Heads of Time and Garlic

Did you ever get a gift so incredible it left you both thrilled that you received it, and terrified you would wreck it?

I did.

The hand-lettered box with a Colver, PA return address label showed up unexpectedly on my desk last week. It smelled a little funky as I opened it and I wondered if someone from my dad’s hometown had sent me sausages, or cheese.

In fact, I glanced around at my co-workers as the increasingly strong scent of garlic wafted around me.

Then, I read the card.

“Laura, I hope you remember me. I brought your dad’s football picture to Central Cambria High School. Been following you on the Molly B and Me blog. Enjoy reading your adventures. I see you have gone to some chef classes and I thought you might be able to use this garlic. This garlic was brought back from Europe by fellow coal miners of your Pap and my Pap. It was smuggled out in snuff cans during the Iron Curtain era. If you want to continue this tradition, you can replant the individual cloves of garlic in your garden this spring. (Save one or two heads in order to do this.) Normally, I plant mine in October but you can plant it in the spring. Tell your mom and the rest of the family we said, “Hello.”  Bella Cucina – Buon Appetito! Merry Christmas and Happy New Year! Nick and Roseann Asashon”

Heads of garlic that traced their genus all the way back across an ocean and through several generations filled the box. The unlikely sight made me laugh, gave me goosebumps and took me back to a tiny town in Western Pennsylvania where green company houses with white front porches and giant backyard gardens lined the streets.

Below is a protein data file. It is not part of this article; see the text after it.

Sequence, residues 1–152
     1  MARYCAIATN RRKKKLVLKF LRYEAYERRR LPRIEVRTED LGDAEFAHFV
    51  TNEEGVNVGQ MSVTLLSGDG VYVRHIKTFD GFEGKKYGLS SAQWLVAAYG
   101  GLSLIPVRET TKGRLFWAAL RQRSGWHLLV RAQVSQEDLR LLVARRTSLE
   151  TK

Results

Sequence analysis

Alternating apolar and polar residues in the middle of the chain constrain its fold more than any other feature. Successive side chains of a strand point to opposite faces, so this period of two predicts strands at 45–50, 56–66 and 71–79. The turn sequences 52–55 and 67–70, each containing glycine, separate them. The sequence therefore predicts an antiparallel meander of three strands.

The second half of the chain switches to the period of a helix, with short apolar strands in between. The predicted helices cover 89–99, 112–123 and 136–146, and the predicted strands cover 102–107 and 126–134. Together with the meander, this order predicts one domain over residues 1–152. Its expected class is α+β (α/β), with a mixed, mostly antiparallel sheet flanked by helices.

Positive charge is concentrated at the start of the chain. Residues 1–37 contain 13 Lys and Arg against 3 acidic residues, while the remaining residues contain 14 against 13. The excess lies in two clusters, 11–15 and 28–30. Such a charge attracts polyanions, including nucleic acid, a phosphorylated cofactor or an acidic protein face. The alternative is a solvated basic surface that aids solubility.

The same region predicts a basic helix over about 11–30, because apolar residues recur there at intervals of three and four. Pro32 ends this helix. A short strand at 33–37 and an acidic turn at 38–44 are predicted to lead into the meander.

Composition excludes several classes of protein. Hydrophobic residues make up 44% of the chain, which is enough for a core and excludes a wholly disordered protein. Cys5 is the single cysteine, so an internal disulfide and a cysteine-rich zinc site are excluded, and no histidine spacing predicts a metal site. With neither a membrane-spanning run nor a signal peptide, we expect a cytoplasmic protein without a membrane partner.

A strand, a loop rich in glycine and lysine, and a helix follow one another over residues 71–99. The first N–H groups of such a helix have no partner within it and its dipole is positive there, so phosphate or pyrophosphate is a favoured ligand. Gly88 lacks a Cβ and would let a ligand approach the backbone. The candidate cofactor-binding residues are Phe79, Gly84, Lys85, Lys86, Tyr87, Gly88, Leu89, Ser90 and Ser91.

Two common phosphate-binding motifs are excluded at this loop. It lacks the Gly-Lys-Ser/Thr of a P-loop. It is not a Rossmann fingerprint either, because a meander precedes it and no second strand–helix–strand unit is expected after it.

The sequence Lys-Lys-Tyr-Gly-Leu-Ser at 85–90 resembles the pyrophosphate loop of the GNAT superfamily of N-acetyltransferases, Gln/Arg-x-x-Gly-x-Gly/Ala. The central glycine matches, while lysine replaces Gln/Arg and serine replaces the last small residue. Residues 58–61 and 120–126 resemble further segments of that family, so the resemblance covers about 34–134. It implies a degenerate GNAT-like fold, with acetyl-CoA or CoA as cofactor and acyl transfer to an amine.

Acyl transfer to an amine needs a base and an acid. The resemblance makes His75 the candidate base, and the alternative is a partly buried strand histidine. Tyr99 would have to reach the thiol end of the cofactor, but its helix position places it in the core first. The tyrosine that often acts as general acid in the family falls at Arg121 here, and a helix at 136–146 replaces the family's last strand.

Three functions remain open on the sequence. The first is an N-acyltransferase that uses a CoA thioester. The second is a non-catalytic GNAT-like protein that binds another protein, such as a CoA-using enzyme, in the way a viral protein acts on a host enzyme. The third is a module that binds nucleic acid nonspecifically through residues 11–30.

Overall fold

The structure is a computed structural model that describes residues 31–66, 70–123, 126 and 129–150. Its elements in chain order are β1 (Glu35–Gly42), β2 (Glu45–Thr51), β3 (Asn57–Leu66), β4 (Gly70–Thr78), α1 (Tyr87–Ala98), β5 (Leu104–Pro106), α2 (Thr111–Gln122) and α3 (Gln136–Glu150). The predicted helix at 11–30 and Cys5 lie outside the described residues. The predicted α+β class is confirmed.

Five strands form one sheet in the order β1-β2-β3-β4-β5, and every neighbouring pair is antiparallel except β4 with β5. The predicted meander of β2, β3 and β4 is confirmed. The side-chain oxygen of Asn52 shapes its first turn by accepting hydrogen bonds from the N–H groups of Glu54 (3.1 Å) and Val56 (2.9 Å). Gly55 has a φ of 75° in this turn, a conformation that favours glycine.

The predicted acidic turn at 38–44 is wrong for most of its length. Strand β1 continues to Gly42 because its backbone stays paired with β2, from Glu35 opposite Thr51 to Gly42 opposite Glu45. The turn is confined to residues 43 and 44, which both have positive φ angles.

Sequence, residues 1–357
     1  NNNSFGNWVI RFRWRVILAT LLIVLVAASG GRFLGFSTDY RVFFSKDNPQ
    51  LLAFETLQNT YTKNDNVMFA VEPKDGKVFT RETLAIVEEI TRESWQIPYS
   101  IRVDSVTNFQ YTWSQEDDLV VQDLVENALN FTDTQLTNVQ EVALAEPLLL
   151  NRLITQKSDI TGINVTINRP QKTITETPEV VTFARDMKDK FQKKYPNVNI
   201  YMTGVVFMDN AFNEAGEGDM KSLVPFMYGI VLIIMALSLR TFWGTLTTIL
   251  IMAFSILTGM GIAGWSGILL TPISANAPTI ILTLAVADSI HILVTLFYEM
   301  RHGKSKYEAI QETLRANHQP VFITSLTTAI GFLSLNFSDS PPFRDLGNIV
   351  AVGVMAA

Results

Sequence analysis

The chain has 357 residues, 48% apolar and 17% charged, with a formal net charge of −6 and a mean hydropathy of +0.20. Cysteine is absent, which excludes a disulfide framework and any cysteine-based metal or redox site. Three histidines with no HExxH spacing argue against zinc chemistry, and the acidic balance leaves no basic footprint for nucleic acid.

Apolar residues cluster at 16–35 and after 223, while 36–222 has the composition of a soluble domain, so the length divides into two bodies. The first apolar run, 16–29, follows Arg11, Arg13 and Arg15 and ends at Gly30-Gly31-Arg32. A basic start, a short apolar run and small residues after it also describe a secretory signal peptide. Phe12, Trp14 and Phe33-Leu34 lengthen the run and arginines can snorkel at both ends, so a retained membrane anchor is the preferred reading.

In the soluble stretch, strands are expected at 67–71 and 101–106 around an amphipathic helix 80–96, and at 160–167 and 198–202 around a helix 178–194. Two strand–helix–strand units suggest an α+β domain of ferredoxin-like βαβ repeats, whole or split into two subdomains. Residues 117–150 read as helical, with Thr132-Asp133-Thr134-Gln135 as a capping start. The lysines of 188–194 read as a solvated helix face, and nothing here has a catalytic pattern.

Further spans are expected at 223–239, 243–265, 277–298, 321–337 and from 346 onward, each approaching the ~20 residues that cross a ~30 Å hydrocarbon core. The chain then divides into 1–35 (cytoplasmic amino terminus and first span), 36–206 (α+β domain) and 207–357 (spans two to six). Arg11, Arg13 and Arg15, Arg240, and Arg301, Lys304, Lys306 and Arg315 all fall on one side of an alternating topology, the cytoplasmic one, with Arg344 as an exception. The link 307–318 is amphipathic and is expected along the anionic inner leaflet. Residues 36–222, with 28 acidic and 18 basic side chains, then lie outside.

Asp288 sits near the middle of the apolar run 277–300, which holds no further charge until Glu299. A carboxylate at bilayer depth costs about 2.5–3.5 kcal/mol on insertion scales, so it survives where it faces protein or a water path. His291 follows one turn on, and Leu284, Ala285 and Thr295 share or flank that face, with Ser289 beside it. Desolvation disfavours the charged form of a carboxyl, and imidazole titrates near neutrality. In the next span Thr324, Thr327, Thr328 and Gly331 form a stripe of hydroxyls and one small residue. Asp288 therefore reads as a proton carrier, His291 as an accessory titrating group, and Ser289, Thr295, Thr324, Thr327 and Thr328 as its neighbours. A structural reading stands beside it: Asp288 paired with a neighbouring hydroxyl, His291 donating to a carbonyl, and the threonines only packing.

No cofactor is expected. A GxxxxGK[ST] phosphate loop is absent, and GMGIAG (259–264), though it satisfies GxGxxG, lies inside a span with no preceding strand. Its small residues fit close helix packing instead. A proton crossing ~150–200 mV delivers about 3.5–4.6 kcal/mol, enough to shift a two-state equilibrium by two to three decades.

That night, as I crushed a precious clove to use for dinner, I could almost taste the fresh ham my grandma used to make when we’d come to visit.

I have to be honest, though, I’m a little panicked about keeping that garlic line alive. I’m all thumbs in the garden, and they’re not green ones either. And don’t even get me started on the rascally rabbits that roam our neighborhood chomping tender shoots as soon as they pop through the soil.

As directed, I’m storing the box in a cool, dry place. Between now and when I plant those babies, I’m going to be doing a lot of research on garlic cloves and how to raise them.

I really hope I’m up to the task.

I received a box full of historic garlic with instructions on how to store and grow it. I really hope I don’t accidentally kill that precious garlic.
I used two cloves in a risotto I made, which was pretty cool, but the best part was the memories that garlic inspired of my Grandma and the fresh ham she used to make.
I felt the occasion called for a celebratory glass of wine, and I plated the meal near an old lantern our Pap used in the mines. Miners back in my grandpa’s day had to buy their own equipment, and they only earned money from the coal they actually removed from the mine. They did all of the prep work on their own time. My Aunt Martha, our family historian, sent me a fascinating book called “Common Lives of Uncommon Strength” about the incredibly hard-working women of the Pennsylvania coal era (1880 -1970) but that’s a story for another day.
This is Nick Asashon, next to a picture of my dad he donated to Central Cambria County High School. We met Nick last year at the ceremony the school hosted to receive its golden football from the NFL and to retire my dad’s number.
Pap and Baby Butch
This is Pap and my Dad in Colver around 1940. My grandpa was a coal miner in Western Pennsylvania whose baby son grew up to play football in the NFL. When my dad signed his contract with the Packers, and members of the media came to their house on 20 Row in Colver, my Grandpa looked at all those reporters and said, “Hey! Why don’t you interview a man who works for a living!”


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